img_about_index_01Hokkaido University is home to some 4 million specimens and documents that have been gathered, preserved, and studied since the Sapporo Agricultural College began more than 130 years ago. Amongst these are more than 10,000 precious “type specimens” that form the basis for the discovery and certification of new species.


Opened in the spring of 1999, the Hokkaido University Museum conveys the diverse range of research carried out at Hokkaido University while also using various original materials and visual media to introduce the university’s cutting-edge research. The Hokkaido University Museum offers exhibits and diversified information equal to those of any museum, facilitating conversation and creating an atmosphere that encompasses both past and future. Visitors to the museum can shift their attention at will, examining what intrigues them most and gathering information behind the individual exhibits, thus expanding their universe.


The Hokkaido University Museum, the Museum Meister educational program, the Para-Taxonomist training for specialists working in the areas of specimen materials, and other programs that help support the University’s general education mission offer a uniquely forward-thinking educational experience. The Museum also offers great volunteer opportunities in areas such as arranging specimens and creating exhibition narratives. Open to the public, not just students and teaching staff, the Hokkaido University Museum strives to be a place where exhibits, information, and people can come together to enhance the learning process.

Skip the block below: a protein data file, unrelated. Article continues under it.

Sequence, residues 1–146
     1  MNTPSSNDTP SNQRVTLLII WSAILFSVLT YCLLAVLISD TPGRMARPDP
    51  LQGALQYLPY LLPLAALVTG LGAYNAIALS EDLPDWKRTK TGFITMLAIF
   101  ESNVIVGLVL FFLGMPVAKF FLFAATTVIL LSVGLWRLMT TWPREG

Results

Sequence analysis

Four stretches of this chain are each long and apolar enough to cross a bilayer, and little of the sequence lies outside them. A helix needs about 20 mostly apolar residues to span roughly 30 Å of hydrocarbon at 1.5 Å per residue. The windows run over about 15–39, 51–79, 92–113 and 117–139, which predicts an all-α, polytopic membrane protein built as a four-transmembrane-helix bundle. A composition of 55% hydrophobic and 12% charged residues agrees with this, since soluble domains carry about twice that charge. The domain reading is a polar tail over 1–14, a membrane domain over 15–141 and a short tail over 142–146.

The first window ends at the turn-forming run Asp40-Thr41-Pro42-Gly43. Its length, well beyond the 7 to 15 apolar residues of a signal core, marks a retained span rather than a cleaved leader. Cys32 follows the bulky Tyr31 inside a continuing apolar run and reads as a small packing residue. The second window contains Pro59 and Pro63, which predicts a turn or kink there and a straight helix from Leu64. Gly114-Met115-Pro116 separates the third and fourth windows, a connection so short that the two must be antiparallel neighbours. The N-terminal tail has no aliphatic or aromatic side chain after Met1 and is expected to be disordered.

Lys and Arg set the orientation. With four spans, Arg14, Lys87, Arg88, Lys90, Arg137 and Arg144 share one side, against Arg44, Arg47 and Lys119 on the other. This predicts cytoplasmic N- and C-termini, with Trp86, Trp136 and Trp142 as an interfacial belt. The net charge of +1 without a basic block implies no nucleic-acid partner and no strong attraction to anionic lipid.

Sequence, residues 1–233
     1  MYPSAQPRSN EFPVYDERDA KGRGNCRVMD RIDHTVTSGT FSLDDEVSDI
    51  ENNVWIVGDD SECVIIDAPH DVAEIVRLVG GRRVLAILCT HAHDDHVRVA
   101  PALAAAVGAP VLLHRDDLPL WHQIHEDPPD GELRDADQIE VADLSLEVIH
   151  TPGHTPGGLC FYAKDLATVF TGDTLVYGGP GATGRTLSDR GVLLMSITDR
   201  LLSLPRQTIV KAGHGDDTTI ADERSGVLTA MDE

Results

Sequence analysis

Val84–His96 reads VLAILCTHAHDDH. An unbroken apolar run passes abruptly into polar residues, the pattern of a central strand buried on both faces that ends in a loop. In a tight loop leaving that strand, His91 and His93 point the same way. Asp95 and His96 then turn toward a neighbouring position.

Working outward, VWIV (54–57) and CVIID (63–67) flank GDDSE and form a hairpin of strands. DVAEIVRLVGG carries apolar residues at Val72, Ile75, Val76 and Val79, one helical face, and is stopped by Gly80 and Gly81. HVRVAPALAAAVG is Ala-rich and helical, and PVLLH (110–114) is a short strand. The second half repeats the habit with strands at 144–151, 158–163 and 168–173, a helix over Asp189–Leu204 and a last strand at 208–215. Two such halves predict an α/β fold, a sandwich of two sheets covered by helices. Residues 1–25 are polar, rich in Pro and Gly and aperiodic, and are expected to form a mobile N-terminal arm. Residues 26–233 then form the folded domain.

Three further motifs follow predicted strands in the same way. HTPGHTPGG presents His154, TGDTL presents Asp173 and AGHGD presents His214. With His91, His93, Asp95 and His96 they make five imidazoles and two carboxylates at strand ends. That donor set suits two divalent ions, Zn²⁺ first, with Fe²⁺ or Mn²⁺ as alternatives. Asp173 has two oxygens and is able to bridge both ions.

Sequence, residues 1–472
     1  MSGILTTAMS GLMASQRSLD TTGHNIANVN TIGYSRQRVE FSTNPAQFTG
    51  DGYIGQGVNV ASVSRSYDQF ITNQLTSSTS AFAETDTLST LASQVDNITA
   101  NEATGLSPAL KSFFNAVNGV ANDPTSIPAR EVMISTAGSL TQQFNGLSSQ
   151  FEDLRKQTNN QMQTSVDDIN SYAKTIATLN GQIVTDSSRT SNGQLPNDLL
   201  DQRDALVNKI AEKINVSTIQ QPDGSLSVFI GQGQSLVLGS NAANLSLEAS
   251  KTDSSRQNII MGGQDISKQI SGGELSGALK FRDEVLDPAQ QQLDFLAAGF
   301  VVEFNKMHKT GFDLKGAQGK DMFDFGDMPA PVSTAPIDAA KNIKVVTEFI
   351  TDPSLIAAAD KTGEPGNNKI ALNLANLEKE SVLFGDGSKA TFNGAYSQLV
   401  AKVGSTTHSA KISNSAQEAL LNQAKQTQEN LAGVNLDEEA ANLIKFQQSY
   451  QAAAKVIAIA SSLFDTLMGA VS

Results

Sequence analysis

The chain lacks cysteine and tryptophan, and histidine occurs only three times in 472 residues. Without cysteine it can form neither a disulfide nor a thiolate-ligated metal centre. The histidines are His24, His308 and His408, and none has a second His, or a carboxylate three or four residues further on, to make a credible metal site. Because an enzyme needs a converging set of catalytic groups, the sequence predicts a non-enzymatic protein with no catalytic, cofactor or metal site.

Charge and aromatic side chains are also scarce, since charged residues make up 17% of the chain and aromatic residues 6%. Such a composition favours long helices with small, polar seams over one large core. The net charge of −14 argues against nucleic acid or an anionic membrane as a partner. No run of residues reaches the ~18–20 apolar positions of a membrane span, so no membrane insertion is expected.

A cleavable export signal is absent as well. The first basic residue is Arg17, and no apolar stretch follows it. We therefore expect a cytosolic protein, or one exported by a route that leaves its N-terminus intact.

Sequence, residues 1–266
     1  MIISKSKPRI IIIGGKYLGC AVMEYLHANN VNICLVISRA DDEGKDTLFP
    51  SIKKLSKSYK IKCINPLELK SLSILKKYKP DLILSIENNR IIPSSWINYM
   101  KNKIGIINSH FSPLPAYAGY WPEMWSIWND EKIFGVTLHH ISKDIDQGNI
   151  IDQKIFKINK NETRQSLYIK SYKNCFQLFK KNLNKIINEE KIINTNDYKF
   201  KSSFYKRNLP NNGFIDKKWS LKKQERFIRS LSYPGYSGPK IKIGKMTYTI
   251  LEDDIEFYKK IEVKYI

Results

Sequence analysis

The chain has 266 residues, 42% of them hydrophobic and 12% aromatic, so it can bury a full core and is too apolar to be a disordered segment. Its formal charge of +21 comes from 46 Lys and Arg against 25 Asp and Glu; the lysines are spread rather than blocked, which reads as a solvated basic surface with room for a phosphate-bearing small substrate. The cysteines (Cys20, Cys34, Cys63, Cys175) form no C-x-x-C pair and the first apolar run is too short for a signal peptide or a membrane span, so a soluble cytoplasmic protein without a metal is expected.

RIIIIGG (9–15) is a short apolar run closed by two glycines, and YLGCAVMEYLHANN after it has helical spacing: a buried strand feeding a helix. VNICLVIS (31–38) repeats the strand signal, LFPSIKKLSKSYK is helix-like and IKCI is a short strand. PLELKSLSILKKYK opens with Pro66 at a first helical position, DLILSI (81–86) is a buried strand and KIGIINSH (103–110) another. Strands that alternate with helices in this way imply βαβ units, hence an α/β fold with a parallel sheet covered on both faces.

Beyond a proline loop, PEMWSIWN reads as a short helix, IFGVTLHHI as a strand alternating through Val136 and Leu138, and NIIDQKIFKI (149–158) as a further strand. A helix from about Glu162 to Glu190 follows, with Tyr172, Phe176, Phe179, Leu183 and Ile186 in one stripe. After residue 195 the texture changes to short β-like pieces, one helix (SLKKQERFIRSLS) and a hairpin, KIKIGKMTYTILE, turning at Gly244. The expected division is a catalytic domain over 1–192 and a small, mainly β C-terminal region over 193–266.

Click here to download an introductory leaflet


  1. To store and arrange scientific specimens and academic resources, providing for and passing on information to the next generation
  2. To develop interdisciplinary research areas that utilize scientific materials and methods
  3. To create educational opportunities and activities through exhibitions, seminars, and other media
  4. To create and disseminate a positive museum culture


  1. Working to protect against the loss and deterioration of some 4 million important scientific specimens and academic resources, materials, works of art, and other relics that , university researchers will arrange and preserve the Museum’s collections and make them available to researchers from Hokkaido University and elsewhere (for research exhibitions), while also making a portion available to the general public.
  2. Treating the entire University campus as a museum  containing many relics and historically significant structures, as well as a wealth of natural beauty, the Museum will serve as a gateway for visitors to the University.
  3. The Museum will act as a hub for disseminating the University’s academic information, conveying the results and progress of research and education.
  4. Using historical artifacts and materials, the Museum will introduce the spirit of Hokkaido University, which has been described as the birthplace of modern-day Japan.
  5. The Museum will present to Hokkaido University students the spirit and rich research traditions that are so fundamentally connected with the university, pointing out possibilities for the future. It will offer these students a chance to recognize how fortunate they are to be able to study at the University, and will contribute to the development of a positive all-around educational experience.
  6. The Museum will contribute to the general education and cultural fulfillment of the local community, including elementary, middle, and high school students and others, through exhibitions, excursions, lectures, concerts, and similar events.